Kiss the Küche – Mann (chef). Various German restaurants will vie for your dollar. There’s not a huge variation, but I liked Andreas Keller’s basement-level restaurant. You feel squirreled away in here, inside the dark-wood interior laced with heavy beams. An accordion player accompanies your Bavarian-costumed servers. King Ludwig’s Restaurant rolls out an entire polka band for your enjoyment; the informal dining setting (vinyl tablecloths) works better for parents of very young or rambunctious kids.
Not your average nutcracker. A nutcracker museum? Yawn. Oh wait, there’s a Yoda nutcracker? A Darth Vader nutcracker? A Superman Nutcracker? An ancient Roman nutcracker and over 4,000 more nutcrackers? Well, that’s cool. My kids loved this museum.
Chew on this. Schocolat’s glass cases wait at the back of a store, at the end of a maze of thousand-dollar housewares. Do not bring children inside the store – send your partner in to pluck a orange-dark chocolate or a Montmorency dried cherry-with-brandy ganache.
Things to do (car necessary) in Peshastin, a 10-minute drive:
Find fun on the farm. At Smallwood’s Harvest, there’s a challenging walk-through maze, farm equipment, a small playground, a trike-riding pen, a cattle-roping-practice station and a (cash-only) petting zoo keep kids occupied in summer.
In fall, you’ll find hayrides and a corn maze. It’s a perfect little farm, well-manicured and adorable; overnight lodging is also available.
Meet plucky pioneers. At the Historic Cashmere Museum and Pioneer Village, we thought we’d stop for about 10 minutes. We ended up staying for over an hour – there was more to explore than the humble building suggests. Kids enjoy museum’s downstairs, stuffed with taxidermied animals found on nearby mountains and plains.
Outdoors, original buildings found throughout the region were moved to the museum’s back lawn, then populated with vintage tools, toys and furniture. Look into a blacksmith’s or a barbershop, a boarding house or the Buckhorn saloon.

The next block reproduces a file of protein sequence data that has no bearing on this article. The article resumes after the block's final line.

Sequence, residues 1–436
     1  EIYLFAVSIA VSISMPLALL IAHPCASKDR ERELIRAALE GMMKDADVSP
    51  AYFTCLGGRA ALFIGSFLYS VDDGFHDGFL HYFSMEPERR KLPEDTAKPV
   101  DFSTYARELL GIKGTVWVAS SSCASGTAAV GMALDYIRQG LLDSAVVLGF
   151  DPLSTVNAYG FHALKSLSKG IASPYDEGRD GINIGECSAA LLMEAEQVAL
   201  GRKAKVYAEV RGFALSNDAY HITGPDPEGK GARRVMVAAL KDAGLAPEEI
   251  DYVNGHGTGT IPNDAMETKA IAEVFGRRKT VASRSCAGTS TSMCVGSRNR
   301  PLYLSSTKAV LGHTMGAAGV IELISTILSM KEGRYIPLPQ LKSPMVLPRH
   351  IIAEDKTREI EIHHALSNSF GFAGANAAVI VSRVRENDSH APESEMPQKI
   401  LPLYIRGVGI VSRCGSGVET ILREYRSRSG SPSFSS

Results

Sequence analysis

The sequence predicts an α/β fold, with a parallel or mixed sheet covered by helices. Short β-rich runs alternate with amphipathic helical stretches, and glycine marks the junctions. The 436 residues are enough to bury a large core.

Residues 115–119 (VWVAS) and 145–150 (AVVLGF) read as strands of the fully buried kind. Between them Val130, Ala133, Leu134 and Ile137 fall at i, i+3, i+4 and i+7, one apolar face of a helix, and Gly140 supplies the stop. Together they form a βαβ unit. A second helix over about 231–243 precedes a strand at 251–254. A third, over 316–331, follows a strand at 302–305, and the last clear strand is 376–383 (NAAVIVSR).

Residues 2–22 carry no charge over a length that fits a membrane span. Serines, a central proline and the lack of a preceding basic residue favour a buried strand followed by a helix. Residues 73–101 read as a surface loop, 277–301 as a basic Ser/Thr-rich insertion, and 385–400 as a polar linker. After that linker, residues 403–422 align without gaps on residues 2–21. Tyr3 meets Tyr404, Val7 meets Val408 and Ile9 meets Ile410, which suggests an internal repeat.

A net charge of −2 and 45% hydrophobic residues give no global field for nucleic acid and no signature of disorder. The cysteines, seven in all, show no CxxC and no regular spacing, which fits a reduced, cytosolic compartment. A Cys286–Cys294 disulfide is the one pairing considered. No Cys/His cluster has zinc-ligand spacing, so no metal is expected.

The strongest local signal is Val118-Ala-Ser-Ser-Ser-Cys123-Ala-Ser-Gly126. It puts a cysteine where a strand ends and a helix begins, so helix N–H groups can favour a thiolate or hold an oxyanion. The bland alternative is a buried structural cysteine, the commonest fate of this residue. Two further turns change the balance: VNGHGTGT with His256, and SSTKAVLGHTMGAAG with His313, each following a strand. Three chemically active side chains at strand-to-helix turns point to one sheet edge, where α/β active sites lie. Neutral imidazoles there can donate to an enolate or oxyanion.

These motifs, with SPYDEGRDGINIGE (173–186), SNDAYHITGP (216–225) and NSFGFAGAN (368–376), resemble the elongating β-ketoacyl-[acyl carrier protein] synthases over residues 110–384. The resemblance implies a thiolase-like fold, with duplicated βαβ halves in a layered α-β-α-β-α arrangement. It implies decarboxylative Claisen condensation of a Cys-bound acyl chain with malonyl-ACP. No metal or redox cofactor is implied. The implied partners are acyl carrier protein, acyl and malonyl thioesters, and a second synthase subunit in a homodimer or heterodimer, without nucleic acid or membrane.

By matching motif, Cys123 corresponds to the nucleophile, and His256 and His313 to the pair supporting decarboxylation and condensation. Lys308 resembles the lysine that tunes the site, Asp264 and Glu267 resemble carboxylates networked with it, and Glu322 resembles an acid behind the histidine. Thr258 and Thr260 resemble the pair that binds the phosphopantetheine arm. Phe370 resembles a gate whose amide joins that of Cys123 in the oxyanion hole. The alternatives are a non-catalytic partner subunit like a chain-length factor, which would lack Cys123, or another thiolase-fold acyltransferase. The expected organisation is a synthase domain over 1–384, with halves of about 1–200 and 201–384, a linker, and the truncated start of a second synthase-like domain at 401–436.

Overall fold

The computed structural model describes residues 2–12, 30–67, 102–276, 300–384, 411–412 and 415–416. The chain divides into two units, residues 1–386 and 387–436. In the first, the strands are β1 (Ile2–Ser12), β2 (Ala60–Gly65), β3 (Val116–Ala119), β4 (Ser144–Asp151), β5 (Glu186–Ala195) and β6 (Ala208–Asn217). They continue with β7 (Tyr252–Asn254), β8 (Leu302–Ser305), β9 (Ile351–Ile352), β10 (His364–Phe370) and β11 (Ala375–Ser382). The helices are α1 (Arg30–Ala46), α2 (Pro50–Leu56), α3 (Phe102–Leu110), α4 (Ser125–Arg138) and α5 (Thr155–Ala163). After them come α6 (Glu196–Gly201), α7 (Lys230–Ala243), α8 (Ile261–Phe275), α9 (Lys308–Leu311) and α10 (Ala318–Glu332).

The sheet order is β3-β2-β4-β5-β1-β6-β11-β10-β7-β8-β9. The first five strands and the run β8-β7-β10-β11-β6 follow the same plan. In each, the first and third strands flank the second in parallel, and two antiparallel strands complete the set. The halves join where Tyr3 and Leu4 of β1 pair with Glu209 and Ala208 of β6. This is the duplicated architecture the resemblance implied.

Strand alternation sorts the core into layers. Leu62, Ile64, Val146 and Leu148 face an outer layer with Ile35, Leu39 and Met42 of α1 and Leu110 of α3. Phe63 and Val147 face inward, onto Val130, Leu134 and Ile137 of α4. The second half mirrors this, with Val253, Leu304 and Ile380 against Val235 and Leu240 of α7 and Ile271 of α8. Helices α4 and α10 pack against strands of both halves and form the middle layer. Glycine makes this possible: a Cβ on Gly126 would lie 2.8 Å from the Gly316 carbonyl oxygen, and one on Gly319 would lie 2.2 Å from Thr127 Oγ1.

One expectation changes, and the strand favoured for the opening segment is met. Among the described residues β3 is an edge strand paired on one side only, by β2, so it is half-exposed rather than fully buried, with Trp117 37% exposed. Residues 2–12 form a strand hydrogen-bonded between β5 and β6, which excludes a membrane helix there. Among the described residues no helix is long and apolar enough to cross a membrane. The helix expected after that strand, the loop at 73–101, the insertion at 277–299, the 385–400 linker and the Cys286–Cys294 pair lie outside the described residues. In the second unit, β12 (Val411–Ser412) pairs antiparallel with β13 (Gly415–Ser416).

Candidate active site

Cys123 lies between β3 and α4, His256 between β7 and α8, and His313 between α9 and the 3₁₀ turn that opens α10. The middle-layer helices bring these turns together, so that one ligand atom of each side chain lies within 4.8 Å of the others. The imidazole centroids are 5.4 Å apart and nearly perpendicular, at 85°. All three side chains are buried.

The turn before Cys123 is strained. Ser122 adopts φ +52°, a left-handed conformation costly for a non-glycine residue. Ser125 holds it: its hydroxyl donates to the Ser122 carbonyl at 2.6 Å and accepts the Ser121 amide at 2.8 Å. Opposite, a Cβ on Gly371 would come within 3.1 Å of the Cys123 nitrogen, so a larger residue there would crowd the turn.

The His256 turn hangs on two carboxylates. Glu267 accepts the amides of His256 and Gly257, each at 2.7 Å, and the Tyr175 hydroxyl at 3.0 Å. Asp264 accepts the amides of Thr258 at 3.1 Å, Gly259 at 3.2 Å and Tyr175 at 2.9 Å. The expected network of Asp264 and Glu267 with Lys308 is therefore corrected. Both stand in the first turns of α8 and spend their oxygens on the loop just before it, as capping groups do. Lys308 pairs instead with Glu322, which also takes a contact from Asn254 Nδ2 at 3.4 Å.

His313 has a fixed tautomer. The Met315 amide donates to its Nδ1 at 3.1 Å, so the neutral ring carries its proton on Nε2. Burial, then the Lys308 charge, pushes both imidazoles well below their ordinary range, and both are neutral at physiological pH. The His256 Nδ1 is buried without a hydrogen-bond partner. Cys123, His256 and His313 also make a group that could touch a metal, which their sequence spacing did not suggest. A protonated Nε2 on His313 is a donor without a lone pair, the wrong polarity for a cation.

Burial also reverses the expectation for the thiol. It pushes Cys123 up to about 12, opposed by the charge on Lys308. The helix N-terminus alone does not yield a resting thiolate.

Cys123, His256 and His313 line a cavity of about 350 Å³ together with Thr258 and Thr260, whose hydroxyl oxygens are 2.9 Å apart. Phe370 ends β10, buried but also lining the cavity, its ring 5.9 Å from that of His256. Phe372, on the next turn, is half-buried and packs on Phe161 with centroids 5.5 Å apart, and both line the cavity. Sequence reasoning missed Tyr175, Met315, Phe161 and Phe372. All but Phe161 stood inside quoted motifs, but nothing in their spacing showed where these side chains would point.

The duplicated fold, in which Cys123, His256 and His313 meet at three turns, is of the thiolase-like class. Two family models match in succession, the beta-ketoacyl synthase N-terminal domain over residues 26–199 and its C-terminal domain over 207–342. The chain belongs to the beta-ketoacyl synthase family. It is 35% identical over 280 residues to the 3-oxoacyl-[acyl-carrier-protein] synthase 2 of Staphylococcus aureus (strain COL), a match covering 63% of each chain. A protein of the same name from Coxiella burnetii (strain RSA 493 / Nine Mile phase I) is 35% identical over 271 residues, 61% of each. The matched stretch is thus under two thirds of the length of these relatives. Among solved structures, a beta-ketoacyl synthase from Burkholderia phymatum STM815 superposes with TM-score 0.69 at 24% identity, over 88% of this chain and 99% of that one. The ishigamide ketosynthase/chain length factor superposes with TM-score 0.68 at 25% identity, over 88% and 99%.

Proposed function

Visit a Dessert Island. Smack-dab in the middle of a dry, desert-like stretch of road, Anjou Bakery crafts upscale, delectable French pastries and hand-makes each espresso shot with love. The cool interior is rustic and homey; the exterior had a small water feature for kids to dip toes into. Try the baguette sandwiches, or grab one for the trip home via Blewett Pass.
Kid-friendly Leavenworth hotels:
Bavarian Lodge. We stayed here and felt right at home — there’s an enormous buffet breakfast (with a hot egg dish, yogurt, breads and make-your-own waffles), a free DVD checkout library and year-round outdoor heated pool. Centrally located, right across the street from the city’s gazebo, this hotel has even scored a place on Tripadvisor’s “Top 10 Family-Friendly Hotels in the U.S.”
Enzian Inn. There’s an intense Christian theme at this hotel, which may or may not appeal to you. The indoor pool is certainly a spectacle (in a good way) with a maroon rug on the ceiling, a mural with a Biblical scene and a vivid-blue swim pool and hot tubs. On the top floor, the buffet breakfast is served with a glorious panoramic view of the surrounding mountains.
Innsbrucker Inn. It’s a bookworm’s ideal stay — just pick a book-themed room! Upstairs from the adorable A Book for All Seasons bookstore (great kids’ area), you’ll find among others a Secret-Garden-inspired room, a Shakespeare room and even a “Chocolate Suite” with practically lickable walls. Kitchens, too! Cute multi-paned windows look down on the town.
Pension Anna. If you want to enjoy a Euro-style indie hotel right in the middle of town, try this lodge. The basement-level rooms suit families just fine (the rooms are huge). But the real appeal is staying in the chapel suites in a decommissioned Catholic church — also run by Pension Anna. How often do you get to do that?
How to get to Leavenworth:
Located about two to three hours east of Seattle, from Seattle, Bellingham and points north, I recommend taking Highway 2 out so you can approach the gorgeous Stevens Pass from the west. Return via the ear-popping Blewett Pass along 97, then down to the junction with I-90 (you’ll pass near kid-friendly Roslyn and Cle Elum – stop if you get a chance). The latter route is the best way to go if coming from Southern Washington State or Oregon.